blotching in hydrocote finish

I have been trying to finish a couple or doors. Something went wrong in th e finish product (I think). Can anybody spot my mistake so I can complete the job? I should add that this technique worked flawlessly on a previous set of doors.
This pair of doors has a (very expensive) molded glass center. So I am fin ishing only the frame surround, which is a set of 2x6,1-1/2 thick. I do no t wish the strong grain to adsorb color and become dominant.
The main colorant is a toner that I made: It is Hydrocote lacquer colored with a premixed water borne dye. The dye was mixed first, cooled, and then poured into the lacquer. The mixture seems to be uniform in color.
My spray sequence was
1) Spray the door with a coat of Bullseye shellac and, after drying, I lightly sanded it smooth. The idea of the shellac was to prevent the grain from becoming too strong in the final product.
2) I then sprayed the water borne lacquer toner on top.
3) If nothing went wrong I would then spray a couple of coats of clear Hydrocote and rub out the finish.
I have used this technique before with excellent results. However, this ti me the result was a blotchy mess. At first I thought it was fisheye. But, after drying, it appears to be smooth. but blotchy. The color is not unif orm - even thought the toner seems to be uniform in color and consistency.
Should I:
1) just keep spraying hoping that it will become uniform with increas ed colorant or should I stop and strip it. 2) add more color to the hydrocote
3) try to make a dye mix with significantly less water and add that to a new batch of Hydrocote.
4) strip it and try a whole new approach.
Len
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On Sunday, May 6, 2018 at 4:01:46 PM UTC-4, Len wrote:

the finish product (I think). Can anybody spot my mistake so I can complet e the job? I should add that this technique worked flawlessly on a previou s set of doors.

inishing only the frame surround, which is a set of 2x6,1-1/2 thick. I do not wish the strong grain to adsorb color and become dominant.

d with a premixed water borne dye. The dye was mixed first, cooled, and th en poured into the lacquer. The mixture seems to be uniform in color.

t the

ar

time the result was a blotchy mess. At first I thought it was fisheye. Bu t, after drying, it appears to be smooth. but blotchy. The color is not un iform - even thought the toner seems to be uniform in color and consistency .

ased

Just a quess Did You fine sand your shellac 220 -320 grit ? This creates a better surface an etch for the finish applied over it. Next Temperature and Humidity can be problematic moisture on shellac will j ust sit there like condensation . Make sure it is wiped dry prior to your topcoat of water soluble or solve nt based topcoat. Stripping or scraping it off may be your best alternative. if it were solvent based You could use acetone or Laq. thinner to remove it down to the shellac but since it's water base this stuff is hard to deal w ith when dry. If it's not too thick You could try sanding it until your col or seems uniform again but that is a crap-shoot. Having not seen the piece it's hard for me to determine the problem But I am going to guess it's a blushing layer of moisture between shellac a nd topcoat. Or possibly too thick ,too quick on Your topcoat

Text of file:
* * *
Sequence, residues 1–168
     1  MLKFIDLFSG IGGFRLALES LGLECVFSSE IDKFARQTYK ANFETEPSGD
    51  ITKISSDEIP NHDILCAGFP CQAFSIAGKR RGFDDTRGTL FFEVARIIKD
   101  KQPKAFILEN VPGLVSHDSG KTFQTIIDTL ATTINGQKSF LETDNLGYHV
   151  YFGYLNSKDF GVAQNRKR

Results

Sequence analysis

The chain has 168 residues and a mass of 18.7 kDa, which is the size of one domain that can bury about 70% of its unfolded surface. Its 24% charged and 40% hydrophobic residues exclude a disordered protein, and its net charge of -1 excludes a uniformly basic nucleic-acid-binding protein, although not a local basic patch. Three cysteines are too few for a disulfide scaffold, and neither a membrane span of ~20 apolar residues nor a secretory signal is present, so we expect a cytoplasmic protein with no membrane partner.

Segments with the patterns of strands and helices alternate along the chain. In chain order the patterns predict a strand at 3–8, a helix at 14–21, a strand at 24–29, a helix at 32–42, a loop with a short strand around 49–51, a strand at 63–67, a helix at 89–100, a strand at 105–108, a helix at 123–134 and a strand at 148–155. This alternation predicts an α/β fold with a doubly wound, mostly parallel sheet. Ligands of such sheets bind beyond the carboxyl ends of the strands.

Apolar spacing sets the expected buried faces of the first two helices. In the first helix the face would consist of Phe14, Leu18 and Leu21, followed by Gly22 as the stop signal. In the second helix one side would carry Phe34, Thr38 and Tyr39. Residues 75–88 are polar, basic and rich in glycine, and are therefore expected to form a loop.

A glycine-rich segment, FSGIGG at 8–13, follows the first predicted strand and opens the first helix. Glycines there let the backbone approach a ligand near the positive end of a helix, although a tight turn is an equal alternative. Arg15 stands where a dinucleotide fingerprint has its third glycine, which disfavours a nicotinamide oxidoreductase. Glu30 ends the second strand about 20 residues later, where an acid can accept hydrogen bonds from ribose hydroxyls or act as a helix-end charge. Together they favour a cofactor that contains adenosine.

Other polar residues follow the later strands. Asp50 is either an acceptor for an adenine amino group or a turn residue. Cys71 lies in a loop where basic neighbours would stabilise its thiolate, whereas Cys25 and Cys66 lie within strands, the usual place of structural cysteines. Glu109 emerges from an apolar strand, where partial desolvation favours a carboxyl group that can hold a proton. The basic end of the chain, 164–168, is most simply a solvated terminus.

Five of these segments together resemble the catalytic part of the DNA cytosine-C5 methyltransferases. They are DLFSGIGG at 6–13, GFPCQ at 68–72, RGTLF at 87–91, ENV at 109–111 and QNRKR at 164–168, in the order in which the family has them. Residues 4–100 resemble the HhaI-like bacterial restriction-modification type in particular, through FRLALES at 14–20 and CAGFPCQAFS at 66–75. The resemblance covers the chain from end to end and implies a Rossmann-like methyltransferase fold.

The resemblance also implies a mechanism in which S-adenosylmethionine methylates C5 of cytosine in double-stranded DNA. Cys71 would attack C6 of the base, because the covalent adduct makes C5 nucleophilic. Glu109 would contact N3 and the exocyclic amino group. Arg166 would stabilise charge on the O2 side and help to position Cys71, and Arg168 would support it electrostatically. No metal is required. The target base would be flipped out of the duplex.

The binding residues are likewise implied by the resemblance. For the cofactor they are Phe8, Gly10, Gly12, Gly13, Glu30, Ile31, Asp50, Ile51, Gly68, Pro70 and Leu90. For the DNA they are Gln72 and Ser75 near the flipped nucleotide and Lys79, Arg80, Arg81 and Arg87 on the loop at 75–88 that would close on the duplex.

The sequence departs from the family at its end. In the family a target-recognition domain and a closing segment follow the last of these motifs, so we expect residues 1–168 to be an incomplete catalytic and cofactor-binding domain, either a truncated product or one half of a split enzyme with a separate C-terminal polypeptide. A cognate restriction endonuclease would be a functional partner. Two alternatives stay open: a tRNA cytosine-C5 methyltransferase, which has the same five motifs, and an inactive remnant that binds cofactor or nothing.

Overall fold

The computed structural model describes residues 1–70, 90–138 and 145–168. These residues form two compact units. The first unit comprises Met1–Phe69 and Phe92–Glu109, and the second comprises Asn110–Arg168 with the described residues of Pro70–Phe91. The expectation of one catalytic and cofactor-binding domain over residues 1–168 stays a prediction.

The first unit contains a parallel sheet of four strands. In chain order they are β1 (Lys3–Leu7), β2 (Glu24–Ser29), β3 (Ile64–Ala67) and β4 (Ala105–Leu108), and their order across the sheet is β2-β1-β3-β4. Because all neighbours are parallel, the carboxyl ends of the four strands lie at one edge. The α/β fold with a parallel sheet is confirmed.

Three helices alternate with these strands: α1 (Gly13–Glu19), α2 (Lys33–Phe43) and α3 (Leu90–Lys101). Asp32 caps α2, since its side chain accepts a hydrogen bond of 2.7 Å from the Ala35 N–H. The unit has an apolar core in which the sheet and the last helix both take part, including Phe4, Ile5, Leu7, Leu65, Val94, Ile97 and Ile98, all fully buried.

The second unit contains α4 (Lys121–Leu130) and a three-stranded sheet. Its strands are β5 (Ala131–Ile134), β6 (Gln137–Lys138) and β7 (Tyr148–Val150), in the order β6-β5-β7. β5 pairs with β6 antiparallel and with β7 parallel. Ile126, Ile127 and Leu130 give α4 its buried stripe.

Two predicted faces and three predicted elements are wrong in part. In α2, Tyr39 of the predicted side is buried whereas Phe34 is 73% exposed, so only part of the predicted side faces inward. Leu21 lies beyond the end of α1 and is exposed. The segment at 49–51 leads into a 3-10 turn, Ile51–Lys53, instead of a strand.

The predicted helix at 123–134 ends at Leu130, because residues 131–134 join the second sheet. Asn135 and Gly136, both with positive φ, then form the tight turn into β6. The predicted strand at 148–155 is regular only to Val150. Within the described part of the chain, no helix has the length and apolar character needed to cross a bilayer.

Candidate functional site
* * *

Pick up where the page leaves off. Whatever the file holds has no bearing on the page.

After agonizing over similar problems in trying to repair such a mess. I now resort to stripping and starting over in order not spend a lot of ti me correcting an inferior finish.
That's all I can come up with for You I hope i have shed some light on Your problem.
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On Monday, May 7, 2018 at 11:00:34 AM UTC-4, Rick the antique guy wrote:

n the finish product (I think). Can anybody spot my mistake so I can compl ete the job? I should add that this technique worked flawlessly on a previ ous set of doors.

finishing only the frame surround, which is a set of 2x6,1-1/2 thick. I d o not wish the strong grain to adsorb color and become dominant.

red with a premixed water borne dye. The dye was mixed first, cooled, and then poured into the lacquer. The mixture seems to be uniform in color.

g,

ent the

lear

s time the result was a blotchy mess. At first I thought it was fisheye. But, after drying, it appears to be smooth. but blotchy. The color is not uniform - even thought the toner seems to be uniform in color and consisten cy.

reased

at

just sit there like condensation .

vent based topcoat.

it down to the shellac but since it's water base this stuff is hard to deal with when dry. If it's not too thick You could try sanding it until your c olor seems uniform again but that is a crap-shoot.

and topcoat. Or possibly too thick ,too quick on Your topcoat

time correcting an inferior finish.

ur problem.
Another fine point is: that I rarely color or stain topcoats other than f or a repair or touch-up to an existing finish.Sometime if the finish is no t subject to wearit is an acceptable choice to darkenor change color hue sl ightly. It's almost a certain disaster when tryiing to go to a lighter shade.
I always prefer to stain or color the wood itself prior to the sealing with a shellac or sealer. This adds depth to the color and it is less likely to chip scrape or scrat ch off as it would if it were a colored topcoat. In most cases let your topcoat be clear not mixed with colors or stains. It's more easily ready for a scratch repair,since you may not have damaged the color beneath the sealer rick B.
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With some woods this is vital to prevent blotching. Did you over sand the sealing coat? Was it too thin?
In the back of my mind I sort of remember doing a "water absorption test" after this step in order to verify an adequate coat.
However, bear in mind that my experience is limited here.

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